Security Aspects of the EU’s Relations with Turkey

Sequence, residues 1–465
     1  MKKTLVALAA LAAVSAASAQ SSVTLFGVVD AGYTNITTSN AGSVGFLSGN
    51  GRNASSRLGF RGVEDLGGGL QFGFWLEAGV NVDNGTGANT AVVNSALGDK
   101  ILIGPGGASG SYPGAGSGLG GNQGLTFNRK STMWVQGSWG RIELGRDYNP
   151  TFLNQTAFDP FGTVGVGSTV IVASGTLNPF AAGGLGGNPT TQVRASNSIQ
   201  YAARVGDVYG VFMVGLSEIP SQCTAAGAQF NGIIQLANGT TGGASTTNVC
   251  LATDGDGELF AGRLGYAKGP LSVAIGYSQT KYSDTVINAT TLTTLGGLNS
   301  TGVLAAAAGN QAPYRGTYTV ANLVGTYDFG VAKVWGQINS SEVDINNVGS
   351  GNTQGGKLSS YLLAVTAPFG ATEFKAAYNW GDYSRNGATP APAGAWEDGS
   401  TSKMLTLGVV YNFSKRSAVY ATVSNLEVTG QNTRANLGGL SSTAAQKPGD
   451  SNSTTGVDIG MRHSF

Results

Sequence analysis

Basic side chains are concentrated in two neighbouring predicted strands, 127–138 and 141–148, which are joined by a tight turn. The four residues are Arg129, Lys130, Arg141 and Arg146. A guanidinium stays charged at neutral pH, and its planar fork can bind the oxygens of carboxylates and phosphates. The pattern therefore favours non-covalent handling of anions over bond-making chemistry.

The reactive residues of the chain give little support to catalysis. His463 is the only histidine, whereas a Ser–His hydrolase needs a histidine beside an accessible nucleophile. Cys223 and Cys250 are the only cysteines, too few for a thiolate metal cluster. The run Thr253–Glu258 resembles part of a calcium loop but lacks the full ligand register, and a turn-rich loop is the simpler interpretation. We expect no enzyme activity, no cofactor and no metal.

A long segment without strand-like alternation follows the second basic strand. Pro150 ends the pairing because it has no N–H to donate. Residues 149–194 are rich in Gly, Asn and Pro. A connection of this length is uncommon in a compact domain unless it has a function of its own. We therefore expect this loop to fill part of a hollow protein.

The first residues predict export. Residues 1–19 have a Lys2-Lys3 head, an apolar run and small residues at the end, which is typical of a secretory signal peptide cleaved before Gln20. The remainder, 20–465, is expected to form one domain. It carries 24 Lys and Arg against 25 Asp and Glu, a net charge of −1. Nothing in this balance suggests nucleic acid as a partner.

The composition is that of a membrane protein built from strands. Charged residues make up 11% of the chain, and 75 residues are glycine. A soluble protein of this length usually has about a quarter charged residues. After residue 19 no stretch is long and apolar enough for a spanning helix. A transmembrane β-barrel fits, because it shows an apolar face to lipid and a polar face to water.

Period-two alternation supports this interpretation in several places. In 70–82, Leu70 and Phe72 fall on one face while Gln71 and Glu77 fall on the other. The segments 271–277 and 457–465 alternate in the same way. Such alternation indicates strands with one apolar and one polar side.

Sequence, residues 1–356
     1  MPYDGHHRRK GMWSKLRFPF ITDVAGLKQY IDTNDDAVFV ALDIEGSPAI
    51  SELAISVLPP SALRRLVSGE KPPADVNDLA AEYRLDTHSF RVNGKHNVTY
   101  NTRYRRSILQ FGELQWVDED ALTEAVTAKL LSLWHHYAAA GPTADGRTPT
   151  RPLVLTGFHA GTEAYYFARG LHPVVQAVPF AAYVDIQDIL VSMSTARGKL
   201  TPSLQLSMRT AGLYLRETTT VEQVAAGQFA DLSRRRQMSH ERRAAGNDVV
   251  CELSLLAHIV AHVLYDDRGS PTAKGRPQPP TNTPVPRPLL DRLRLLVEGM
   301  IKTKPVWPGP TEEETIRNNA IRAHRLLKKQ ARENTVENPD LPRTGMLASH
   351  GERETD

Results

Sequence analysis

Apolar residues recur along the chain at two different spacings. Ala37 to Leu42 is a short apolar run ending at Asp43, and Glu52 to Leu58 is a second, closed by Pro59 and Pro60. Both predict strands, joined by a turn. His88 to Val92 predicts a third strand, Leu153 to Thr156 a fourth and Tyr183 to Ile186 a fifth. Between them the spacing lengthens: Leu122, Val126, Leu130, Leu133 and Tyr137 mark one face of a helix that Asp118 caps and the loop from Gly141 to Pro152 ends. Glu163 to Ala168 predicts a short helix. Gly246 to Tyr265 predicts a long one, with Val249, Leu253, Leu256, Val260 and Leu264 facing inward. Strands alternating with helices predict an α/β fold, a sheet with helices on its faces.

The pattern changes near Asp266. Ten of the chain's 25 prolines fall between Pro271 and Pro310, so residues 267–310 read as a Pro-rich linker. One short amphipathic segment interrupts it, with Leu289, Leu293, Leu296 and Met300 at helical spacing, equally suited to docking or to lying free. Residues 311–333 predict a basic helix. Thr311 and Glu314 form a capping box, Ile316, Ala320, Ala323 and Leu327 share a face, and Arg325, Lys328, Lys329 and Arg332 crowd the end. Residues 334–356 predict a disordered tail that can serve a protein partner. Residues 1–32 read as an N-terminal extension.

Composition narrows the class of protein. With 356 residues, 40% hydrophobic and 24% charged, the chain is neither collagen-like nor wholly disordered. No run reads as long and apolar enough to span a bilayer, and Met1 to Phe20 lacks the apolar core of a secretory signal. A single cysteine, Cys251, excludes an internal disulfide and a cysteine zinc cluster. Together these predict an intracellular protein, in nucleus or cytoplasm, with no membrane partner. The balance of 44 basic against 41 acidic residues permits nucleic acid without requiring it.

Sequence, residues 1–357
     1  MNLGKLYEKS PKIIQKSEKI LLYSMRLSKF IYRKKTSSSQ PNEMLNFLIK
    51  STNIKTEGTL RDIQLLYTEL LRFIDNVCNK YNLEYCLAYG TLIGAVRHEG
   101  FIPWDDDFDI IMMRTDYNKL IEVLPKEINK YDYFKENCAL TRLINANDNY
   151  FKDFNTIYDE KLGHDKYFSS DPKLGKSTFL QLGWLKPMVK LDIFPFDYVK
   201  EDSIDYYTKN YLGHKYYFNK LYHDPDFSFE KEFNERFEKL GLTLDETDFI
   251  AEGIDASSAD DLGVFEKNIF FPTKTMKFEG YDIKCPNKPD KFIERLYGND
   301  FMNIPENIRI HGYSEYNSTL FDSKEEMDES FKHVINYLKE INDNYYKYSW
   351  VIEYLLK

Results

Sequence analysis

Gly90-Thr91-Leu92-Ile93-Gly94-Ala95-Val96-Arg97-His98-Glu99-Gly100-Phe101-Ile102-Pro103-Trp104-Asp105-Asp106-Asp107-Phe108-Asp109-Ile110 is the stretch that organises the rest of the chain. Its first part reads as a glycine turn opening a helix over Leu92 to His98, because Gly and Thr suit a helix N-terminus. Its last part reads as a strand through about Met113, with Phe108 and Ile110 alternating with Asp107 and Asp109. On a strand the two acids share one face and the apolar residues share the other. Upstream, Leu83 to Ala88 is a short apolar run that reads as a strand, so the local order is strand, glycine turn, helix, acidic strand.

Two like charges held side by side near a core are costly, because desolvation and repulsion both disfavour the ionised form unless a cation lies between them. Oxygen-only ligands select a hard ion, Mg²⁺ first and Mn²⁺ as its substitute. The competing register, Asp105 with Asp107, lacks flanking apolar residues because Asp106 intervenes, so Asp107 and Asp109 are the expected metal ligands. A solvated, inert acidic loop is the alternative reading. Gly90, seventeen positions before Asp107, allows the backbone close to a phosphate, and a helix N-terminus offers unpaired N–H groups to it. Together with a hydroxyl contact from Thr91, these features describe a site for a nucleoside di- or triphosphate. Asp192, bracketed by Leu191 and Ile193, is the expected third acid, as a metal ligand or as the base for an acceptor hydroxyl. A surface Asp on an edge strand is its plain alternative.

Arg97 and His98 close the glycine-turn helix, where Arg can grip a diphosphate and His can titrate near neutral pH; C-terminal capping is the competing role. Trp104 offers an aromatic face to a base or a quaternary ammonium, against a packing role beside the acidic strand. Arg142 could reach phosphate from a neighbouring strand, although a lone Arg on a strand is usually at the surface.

Introduction For both the EU and Turkey, security considerations have played an important part in their policy formulation vis-à-vis each other (Cremasco, 1990; Kuniholm, 1991; Karpat, 1995; Sezer, 1997; Muftuler-Bac, 2000; Bilgin, 2003; Oguzlu, 2003). During the Cold War era, Turkey’s foreign policy was, to a large extent, shaped by the fear of the Communist threat coming from the Soviet Union. In those days, it was the Soviet threats and territorial claim from Turkey in the eve of the Second World War that compelled Turkey to join all kinds of organizations in the Western bloc during the Cold War era (Aybak, 1995; Calis, 1996; Ugur 1999). Turkey saw all these Western organizations as the epitome of its commitment to the emerging Western alliance. From this perspective, she applied for associate membership of the EU. After the end of the Cold War, security factors have remained a significant part of EU-Turkey relations; in fact, Turkey’s security assets have not only amounted to solid grounds for the EU to make an effort to maintain closer relations with Turkey, but also it has provided a strong argument for Turkey to make her membership more acceptable to the EU (Redmond, 1993; Lesser, 1993; Tashan, 1996; Muftuler, 2000; Eralp, 2000b; Kramer 2000; Larabbee and Lesser, 2003; Bagci and Kardas 2003).